The effect of environmental conditions on coral reef habitat in Balhaf Bay, Gulf of Aden, Yemen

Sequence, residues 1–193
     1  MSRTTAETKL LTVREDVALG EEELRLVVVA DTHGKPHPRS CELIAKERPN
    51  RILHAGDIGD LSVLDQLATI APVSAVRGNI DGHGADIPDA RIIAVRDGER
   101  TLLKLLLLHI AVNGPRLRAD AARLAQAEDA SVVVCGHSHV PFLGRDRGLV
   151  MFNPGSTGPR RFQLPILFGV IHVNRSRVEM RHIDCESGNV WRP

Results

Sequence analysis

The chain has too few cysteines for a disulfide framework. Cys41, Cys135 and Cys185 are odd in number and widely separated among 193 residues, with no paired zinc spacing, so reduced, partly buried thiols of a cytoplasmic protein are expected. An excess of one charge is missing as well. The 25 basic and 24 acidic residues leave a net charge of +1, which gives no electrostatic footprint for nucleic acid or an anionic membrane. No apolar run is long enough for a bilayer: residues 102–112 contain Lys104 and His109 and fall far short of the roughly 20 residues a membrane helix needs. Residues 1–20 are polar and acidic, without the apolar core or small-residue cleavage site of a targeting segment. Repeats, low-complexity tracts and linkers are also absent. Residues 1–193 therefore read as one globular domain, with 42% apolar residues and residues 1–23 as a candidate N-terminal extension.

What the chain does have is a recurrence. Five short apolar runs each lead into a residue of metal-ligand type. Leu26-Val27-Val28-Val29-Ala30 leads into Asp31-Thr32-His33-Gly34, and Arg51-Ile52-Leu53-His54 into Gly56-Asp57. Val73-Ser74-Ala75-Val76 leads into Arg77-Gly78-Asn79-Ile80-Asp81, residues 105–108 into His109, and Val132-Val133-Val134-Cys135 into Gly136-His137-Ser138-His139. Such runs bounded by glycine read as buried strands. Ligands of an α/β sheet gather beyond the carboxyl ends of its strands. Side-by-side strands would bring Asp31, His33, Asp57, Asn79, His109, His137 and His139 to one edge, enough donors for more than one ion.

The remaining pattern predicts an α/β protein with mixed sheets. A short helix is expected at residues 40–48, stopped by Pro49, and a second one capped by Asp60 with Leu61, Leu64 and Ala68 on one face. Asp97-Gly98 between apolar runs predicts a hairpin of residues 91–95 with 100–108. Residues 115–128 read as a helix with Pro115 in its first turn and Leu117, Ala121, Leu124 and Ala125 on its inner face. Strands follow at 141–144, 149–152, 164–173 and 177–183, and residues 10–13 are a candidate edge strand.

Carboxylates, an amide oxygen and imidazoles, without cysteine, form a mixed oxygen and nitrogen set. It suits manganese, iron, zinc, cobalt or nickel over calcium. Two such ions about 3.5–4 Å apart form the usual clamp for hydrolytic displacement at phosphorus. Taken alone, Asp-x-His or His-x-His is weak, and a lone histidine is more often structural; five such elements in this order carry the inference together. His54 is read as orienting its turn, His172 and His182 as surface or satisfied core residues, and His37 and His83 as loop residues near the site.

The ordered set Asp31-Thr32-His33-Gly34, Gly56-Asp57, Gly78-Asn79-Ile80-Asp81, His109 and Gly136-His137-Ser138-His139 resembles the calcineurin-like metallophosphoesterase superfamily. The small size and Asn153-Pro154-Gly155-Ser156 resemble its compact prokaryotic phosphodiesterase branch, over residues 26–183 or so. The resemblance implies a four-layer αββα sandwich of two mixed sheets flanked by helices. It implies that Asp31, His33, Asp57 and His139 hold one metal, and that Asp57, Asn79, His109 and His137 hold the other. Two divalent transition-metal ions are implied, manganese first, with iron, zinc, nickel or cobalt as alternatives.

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This paper represents the beginning of a reference data base for the long term assessment and control of environmental impacts on the coral reef habitat of the Balhaf Bay, Gulf of Aden, following the development of an industrial complex on the bay. Present results reveal a high surface water temperature in summer with the tendency for relatively low temperature in the winter months. Bottom water temperature undergoes significant seasonal variation, with the annual difference at the two studied stations found to be up to 13.9 ◦C in the deep station (D), and 11 ◦C between August and September in the shallow station (F). Winter salinity variation was found not to exceed 0.5 g/l (measurements between 35.7 and 36.2 g/l), though salinity did vary seasonally: increasing at the beginning of the summer monsoon from 35.7 g/l to reach an annual maximum in this region (36.5 g/l) in the first days of July. The general lack of difference in the index of salinity for the studied depths is worth noting. Whatever the reason, such results call for more detailed studies of the habitats under reference. Journal of Advanced Research (2010) 1, 221–225 Cairo University Journal of Advanced Research ORIGINAL ARTICLE The effect of environmental conditions on coral reef habitat in Balhaf Bay, Gulf of Aden, Yemen Mohamed S El-Mashjary a,∗ , Attaala M Ali b a Environmental Science & Meteorology, Faculty of Environmental Science & Marine Biology, Hadhramout University of Science and Technology, Mukalla, Yemen b Marine Biology Department, Faculty of Environmental Science & Marine Biology, Hadhramout University of Science and Technology, Mukalla, Yemen Received 15 September 2009; received in revised form 12 December 2009; accepted February 2010 Available online August 2010 KEYWORDS Coral reefs; Upwelling; Thermal dynamics; Salinity; Gulf of Aden Abstract This paper represents the beginning of a reference data base for the long term assessment and control of environmental impacts on the coral reef habitat of the Balhaf Bay, Gulf of Aden, following the development of an industrial complex on the bay Present results reveal a high surface water temperature in summer with the tendency for relatively low temperature in the winter months Bottom water temperature undergoes significant seasonal variation, with the annual difference at the two studied stations found to be up to 13.9 ◦ C in the deep station (D), and 11 ◦ C between August and September in the shallow station (F) Winter salinity variation was found not to exceed 0.5 g/l (measurements between 35.7 and 36.2 g/l), though salinity did vary seasonally: increasing at the beginning of the summer monsoon from 35.7 g/l to reach an annual maximum in this region (36.5 g/l) in the first days of July The general lack of difference in the index of salinity for the studied depths is worth noting Whatever the reason, such results call for more detailed studies of the habitats under reference © 2010 Cairo University All rights reserved Introduction The water basins of many Arab countries, especially those facing the Red Sea and the Gulf of Aden, suffer from a lack of rigorous environmental studies Even in the oil-rich countries of the region, ∗ Corresponding author Tel.: +967 360768; fax: +967 360768 E-mail address: mss mashjary@yahoo.com (M.S El-Mashjary) 2090-1232 © 2010 Cairo University Production and hosting by Elsevier All rights reserved Peer review under responsibility of Cairo University Production and hosting by Elsevier doi:10.1016/j.jare.2010.02.011 where new techniques used in oil exploration have yielded some information, adequate analyses of the environmental and biological data remain weak Although environmental and biological studies have been carried out in some of the region’s water bodies, e.g Gulf of Aden, they have mainly focused on instantaneous indicators that serve the immediate exploitation of fishery resources rather than more long term, sustainability indicators Such studies have been limited and seasonal in nature, have mainly concentrated on areas of significant commercial fishing activity, and have never stretched beyond the data that can used as an expected guide for the aggregation and migration of fish schools and some other marine organisms, like cuttlefish and lobsters [1–4] Thus, our understanding of the physico-chemical oceanography of the Gulf of Aden is still limited, with a critical lack of modern in situ observations This is despite the fact that the Arabian Sea supports a great variety of reefs and coastal habitats of often-high ecological integrity, housing globally 222 significant levels of endemism and biodiversity, and provides a wide range of renewable services to human populations [5,6] The Gulf of Aden is considered one of the richest and most unique areas of marine biodiversity in the world [7–9] Its area is marked by three distinctive geographical features The first of these is its bottom depths differences These depths (5370 m, mean depth of 1800 m) highlight a rugged bottom topography including the Sheba ridge, which prolongs in the middle of the gulf and continues towards the relatively shallow west (Tadjoura Trench, Tadjoura Gulf of Djibouti) The second key feature is the climate of the region and its effects in the gulf Here the climate of the gulf is marked by south-westerly winds during the summer monsoons, with these mechanisms leading to the movement of the bottom water masses and the upwelling phenomena The third feature is its biological peculiarity, with distinct qualitative and quantitative richness in phytoplankton, zooplankton, molluscan, crustacean and fish nektons [10,11] Crucial to the sustenance of the gulf’s environmental and biological richness are the hydrological phenomena controlling its water mass This control comes through the influence of the main two sources of its water and their seasonal interchanges, the Red Sea and the Arabian Sea [2,12] The key important characteristic of the health of the gulf is the plentiful and distinctive coral complexities which have developed as patchy distributed groups, mainly occupying the hard and stony bottom, except the Socotra archipelago, which are mainly surrounded by fringing coral reefs which cover about 30% of the Socotra coasts and extend to depths of about 5–10 m This constitutes about 250 scleractinian species [7] It can be observed that the northern parts of the Gulf of Aden – and in spite of the fact that these areas are affected by the seasonal upwelling phenomena – include a healthy growth of coral reefs, especially in areas near Balhaf, Burum and the small islands near Bir Ali Most of these corals are of the pocilloporids, faviids and poritids types [6] This peculiarity distinguishes the study area of Ras BalhafBir Ali in particular All of these areas have been declared marine protected areas (MPA) Further, the particular area in question has been included in the Integrated Coastal Management (ICM) Zoning Plan [7,13,14] Thus, the present paper can be considered as the inception of a data base designed to establish the environmental status of such sensitive areas, vulnerable as they are to the influence of natural variability and human and industrial intervention In this, we seek to describe the oceanographical and bio-environmental conditions prior to the activation of the industrial export complex located in Balhaf Bay so as to provide a reference for the control of environmental impacts in subsequent years Methodology Study area Balhaf Cape and its bays are a continuous group of numerous capes in the Bir Ali coast The area is exposed to the open sea from the west and east, which exposes it to a variety of natural (because it is located between the edge of the coastal and sea currents) and human effects (because it is an area of intensive fishing) The cape of is located at the intersection point of N13◦ 58 and E48◦ 10 , and at a distance of about 10 km west of the coast of Bir Ali Balhaf Cape extends about 800 m × 1000 m, with volcanic rock complexities with hard and sharp edges elevated above sea level to the south, M.S El-Mashjary and A.M Ali Fig Locations of the stations within the study area (source: www.GoogleEarth) and with a gradual slope, including rocky and steep patches, on the east and west banks The cape includes a long and organic-sandy beach where turtle tracks can be found though without evidence of spawning Although the slope of the edges of the cape are sharp, it is surrounded by a sea coast, slowly running to tens of meters forming a shallow coral field of 2–12 m on the eastern side Here initial diagnosis has found 10 genera, the majority of which belong to the families Poritidae and Acroporidae The coast declines rapidly, reaching a depth of 28–30 m not more than 100 m from the south ground edge Peninsula Ras Balhaf is free of any organisms, except some wild plants and occasional birds, such as white gulls and cormorants The Cape of Balhaf is situated in the path of westerly surface currents in autumn and winter (October–April) and easterly surface currents in spring and summer (March–August) Not far from the cape is the Islet of Skha, located about 28 km to the east The shallow intertidal station (F) is characterised by a depth of 2–4 m, about 30 m from a flat beach; the biologically rich bottom is characterised by a combination of organic sandy clay, punctuated by hard rock formations populated by some scattered coral complexities The station is located about 500 m west of the cape (Fig 1) The deep sublittoral station (D) is characterised by a depth of 28–30 m, located south-westward of the cape’s rocky steep wing by about 100 m The bottom sequence is characterised by hard igneous rocks, ledges and boulders It lacks coral formations; it is exposed to the open sea and its direct relatively strong currents (Fig 1) Samples The key qualitative indicators of the water body are temperature and salinity; values reported here are designed to be used to monitor trends in the longer term Sea water samples were collected weekly from February 2006 to the end of January 2007 at two sites in Bir Ali (Balhaf site): Station F—intertidal, 2–4 m depth (N13◦ 59 ; E48◦ 10 ); and Station D—sublittoral, 28–30 m depth (N13◦ 58 ; E48◦ 10 ) Two samples from each site were taken; surface and bottom Water samples were collected weekly using a l water sampler Water temperature and dissolved oxygen concentration were measured in situ at each site using a Dissolved Oxygen Meter, Oxi—3310 WTW 2BA301, Germany Samples for salinity, turbidity, Total Dissolved Substances (TDS) and Chlorophyll a were transported by ice-cooled box to the laboratory Sample analyses were done within 4–6 h of sam- Environmental conditions on coral reef of Balhaf Bay, Yemen 223 Fig Monthly variation in water salinity: F intertidal site m deep, D sublittoral site, 30 m deep Fig (a) Air, surface temperature annual variation in intertidal site m deep (F) and sublittoral site, 30 m deep (D) (b) Bottom temperature annual variation in intertidal site m deep (F) and sublittoral site 30 m deep (D) pling For the turbidity analysis, a turbidimeter (WTW TURB 355T) was used with valid reference solutions (0.02, 10, and 1000 Nephelometric Turbidity Unit (NTU)) Salinity was analysed using Inolab—Cond 720 from WTW, Germany There were two reasons for selecting the depths of the stations: the natural shallowness of the surrounding area, and the composition and natural development of the corals positioned in the upper layers of this transparent shallow water The maximum growth and production of these coral occurs between and 15 m, and maximum diversity of these corals was found to be at depths of 10–30 m [15] Results The investigation of water temperature in the studied stations revealed a high surface water temperature in summer and the tendency for a relatively low temperature in the winter months, influenced by direct climatic factors (Fig 2a) The bottom water temperature showed a significant seasonal variation at both stations, where the annual difference was up to 13.9 ◦ C in the deep station (D) (between 32.4 ◦ C on 11 of May and 18.5 ◦ C in the middle of August) and 11 ◦ C in the shallow station (between 21.2 and 32.2 ◦ C in the middle of August and the end of September) The difference between the surface temperatures of both stations did not exceed 10 ◦ C, from the beginning of August (22.6 ◦ C at station (D)) and the end of September (32.4 ◦ C for the shallow station (F-intertidal)) In the deep station (D) the temperature was 22.2 ◦ C at the beginning of August and 32.9 ◦ C in the May 11 (Fig 2b) Despite the large difference between the depths of the two stations, the temperature at their bottoms was similar throughout the year, except the recorded the difference of about ◦ C in the middle of the summer monsoon between the end of July and mid-September These differences were not observed in the surface temperature at the two stations (Fig 2a and b) In general, it was found that the northern Gulf of Aden water temperature steadily rises with the traditional tropical waters in summer and tends to decrease to relatively low levels in the winter months, directly influenced by climatic factors (Fig 2a) Bottom water temperature shows a significant seasonal heterogeneity at both stations, while the differences between the surface and bottom temperature of the shallow station (F-intertidal) were small, as can be clearly seen in Fig 2b The annual difference in surface temperature of the study area reaches more than 10 ◦ C, in less than three months; declining from 32.2 ◦ C in the middle of May to 22.2 ◦ C at the beginning of August The upwelling phenomenon brings the cold water at the bottom to the surface; this is associated with the south-west Summer Monsoon The observed temperature variations are echoed in the salinity of the studied water masses (Fig 3) The results show that winter salinity between December and April varied not more than 0.5 g/l: 35.7–36.2 g/l The salinity began to increase at the beginning of the summer monsoon to reach the annual maximum in this region of 36.5 g/l in the first days of July In July through August relative salinity decreases to reach the lowest index in the second half of November Here the water column appears to come under the influence of winter mixing, driving low salinity in the Arabian Sea surface currents (Fig 3) This is slightly different from the relative increase in salinity in the north-western Gulf in July and August This phenomenon distinguishes the area of the Bir Ali and Balhaf coast with their limited and small currents and vortices (eddies) We can note from the results of this study the general lack of difference in the index of salinity over the studied depths (Fig 4), in addition to the slight difference observed in summer monsoon period of June to August 224 Fig M.S El-Mashjary and A.M Ali The variation of salinity at different depths at station D Discussion The change of temperature was slightly higher at the bottom than at the surface The trend at the bottom at station D (depth 30 m) was a decrease from about 31 ◦ C at the beginning of June to about 18.5 ◦ C in the middle of August, before rising again at a faster rate to reach a maximum of about 30 ◦ C at the end of September At the shallower station the change was faster, from 32 ◦ C at the end of June to 21 ◦ C in the middle of August to more than 32 ◦ C at the end of September These rapid changes demonstrate the strength of the mixing of the water masses in this region, as well as a seeming absence of a thermocline layer at this location; this phenomenon echoes the results of earlier studies [2,16,17] This can be proved by the existence of the perpendicular to the coastal current, locally called Al’aqd (arch), which differentiates Ras Balhaf from the Yemeni coast This current is thought to be related to the changing position of the western cyclone and the eastern anticyclone of the water masses in the middle of the Gulf of Aden, which has been described by Bower et al [12] and Al Saafanii and Shenoi [18], Khimitsa [17] The results of this study not differ much from the thermal variations recorded in previous studies in the region, despite the time disparity BaDhafary [16] for example, in his review of the Russian studies of the Gulf of Aden, noted that the surface temperature of gulf coastal water during the month of February can change from 24.5 ◦ C in the Cape of Fartak in the east to 26.5 ◦ C at the longitude E44◦ west of Aden Before the blowing of south west summer monsoon winds, the movement of water bodies and their temperature starts to rearrange to hit the surface in May at 28–30 ◦ C, while at 12–50 m depth the temperature does reach beyond 25 ◦ C in this month The rising of bottom water intensifies in June and July when the temperature decreasing happens in the under surface water layer due to rising cold deep water to the surface This act causes a fall in the average temperature of the water surface in July to 22.3 ◦ C at the Islet of Sikha, Bir Ali [19] This, regardless of the rapid heating of the coastal waters due to the increased solar luminosity toward the summer, clearly shows the strength of the upwelling phenomenon in this part of the coast and in particular between Ras Irqa and Ras Sharma, where water temperature declines in August to 17–18 ◦ C, before returning after the end of monsoon to 30 ◦ C in October [2] and the moderate winter temperature of 25–27 ◦ C in January This is clearly repeated in the current study (Fig 2) Here, we believe that the coastal waters of Gulf of Aden, especially those in the north central area, have an increased biological activity in spite of the low index of thermal energy and dissolved oxygen (author’s unpublished data) The latter can be explained by rising bottom nutrients and elements brought by upwelling, giving the specificity and distinction of high biological productivity to the gulf This peculiarity has been confirmed by previous studies, including those of Wyrtki [20], Wiebinga et al [10], Kemp and Benzoni [6] and recently CREOCEAN [21] Heterogeneity in the temperature of the water in the region, with its unique composition of reef communities such as Bir Ali and Balhaf, is no longer considered strange and extreme, after clarification of the degree of adaptation of coral reefs in the northern edges of tropical regions to the relatively large thermal variation—more than 12◦ [22,23] One can add here, as a confirmation, the findings of Sheppard and Salm [24] and CREOCEAN [21] about the peculiarity of the relationship of the thermal aspects of the upwelling and reef formations of Balhaf (particularly considering that it is situated under the “pseudo-high latitude effect”) and Kingsman [22] about the prosperity of coral reefs in the coastal waters of Oman when the range of seasonal temperature varies between 16 and 36 ◦ C This is a good example of the spread and adaptation of the organism, in or with extreme environmental conditions that are beyond the normal range of life Given the severe limitations of freshwater entering the Gulf of Aden from the land of the region (which is marked by drought and a lack of permanent rivers), the salinity of the Gulf of Aden depends on two basic sources The dominant one is the Red Sea high salinity waters (reaching up to 40 g/l) which flow through the Strait of Al Mandeb These water masses are the most influential on the characteristics of gulf water salinity; its share in the Gulf volume is about 37%, although it occupies the western deep layers The dominant seasonal cyclones reduce the effect of brackish Arabian Sea waters on the gulf waters to about 3% of the gulf volume [12,18] Thus it can be noted that in the study location, the salinity parameter falls between the swirling effect of the central and eastern eddies [2], and largely depends on the weather conditions and the winter monsoon winds, with little effect on the south-western summer monsoon winds A lack of difference in the index of salinity within the studied depths is apparent in the current results (Fig 4); this can be explained by the lack of difference in depth (which does not exceed 30 m) and the effect of the coastal mixing after the regular tidal movement The confirmation of this is the clear difference in the depths corresponding to the same region, near the Islet of Skha, when the difference between surface and bottom salinity (70 m depth) is more than g/l in January and February [2,16] The slight difference observed in the summer monsoon months of June to August can be explained by the output of the predominant upwelling and the traditional tidal mixing Conclusion The peculiarity of the study area of Ras Balhaf, Bir Ali suggests its role as an area of regional importance Although it has been officially declared a marine protected area, it is susceptible to damage under the influence of human and industrial intervention through the industrial export complex of Balhaf Bay Therefore, in our investigation we have sought to substantiate the factual environmental conditions of the area before the industrial complex in Balhaf commences operation This study can be used as a source of control for assessment of the environmental impact in subsequent years Environmental conditions on coral reef of Balhaf Bay, Yemen From the results it can be found that the northern Gulf of Aden water temperature steadily rises with the seasons in the summer and tends to decrease to relatively low levels in the winter months, directly influenced by climatic factors Bottom water temperature shows a significant seasonal heterogeneity at both studied stations, while the differences between the surface and bottom temperature of the shallow station were relatively small It can be noted from the results that a general lack of difference in the index of salinity is evident over the studied depths, in addition to the slight difference observed in the summer monsoon period of June to August Acknowledgements The authors are indebted to Dr Salim Bazar and Dr Mohamed Bawadi for their sharing in supervising and technical management of the study; thanks should be addressed to Mr Marwan Al-Habshi and Mr Nabil Al-Hudhaifi for their precise laboratory analysis References [1] Anon Report on works in the 20th Scientific Research Mission of NPC ‘Skif’ in SNDRY (Former South Yemen) from July to December 1986 Kerch, USSR: AzCherNIRO; 1987 182 pp [in Russian] [2] Anon Report on the works of the Third Scientific-research cruise of NIC “Dmitrii Stefanov” in PDR of Yemen between October 1988 and March 1989 Kerch, USSR: Southern Seas Scientific Research Institute of Marine Fisheries and Oceanography (UGNIRO); 1989 [in Russian] [3] Canadian Occidental Petroleum Ltd Masila Export Project – environmental studies programme – environmental impact assessment Section 2: terrestrial (land) component.Yemen Republic: Canadian Occidental Petroleum Ltd.; 1993 [4] Anon on Fisheries survey in Aden gulf and Arabian Sea In: Yang De 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Astrakhan State Technical University; 2003 [17] Khimitsa VA Some seasonal peculiarity dynamic of hydrochemical features of Aden gulf and Arabian Sea In: Chemical Resources of Seas and Oceans Moscow: Nayka (Science) Press; 1970 p 93–120 [Russian] [18] Al Saafani MA, Shenoi SSC Water masses in the Gulf of Aden J Oceanogr 2007;63:1–14 [19] Dubinits GA Description of Aden Gulf fisheries Rep No 170 Kerch, Ukraina: AzCherNIRO Bulletin; 1989 [20] Wyrtki K Physical oceanography of the Indian Ocean In: Zeitzschel B, editor The biology of the Indian Ocean Berlin: Springer-Verlag; 1973 p 18–36 [21] CREOCEAN 24 months synthesis on Balhaf corals monitoring 1070004, Balhaf, Balhaf, Yemen LNG Montpellier, France; 2008 [22] Kinsman DJJ Reef coral tolerance of high temperatures and salinities Nature 1964;202(4939):1280–2 [23] Glynn PW Monsoonal upwelling and episodic Acanthaster predation as probable controls of coral reef distribution and community structure in Oman Indian Ocean Atoll Res Bull 1993;379:1–66 [24] Sheppard CRC, Salm RV Reef and coral communities of Oman, with a description of a new coral species (Order Scleractinia, genus Acanthastrea) J Nat Hist 1988;22(1):263–79 ... source of control for assessment of the environmental impact in subsequent years Environmental conditions on coral reef of Balhaf Bay, Yemen From the results it can be found that the northern Gulf. .. ice-cooled box to the laboratory Sample analyses were done within 4–6 h of sam- Environmental conditions on coral reef of Balhaf Bay, Yemen 223 Fig Monthly variation in water salinity: F intertidal... climate of the region and its effects in the gulf Here the climate of the gulf is marked by south-westerly winds during the summer monsoons, with these mechanisms leading to the movement of the bottom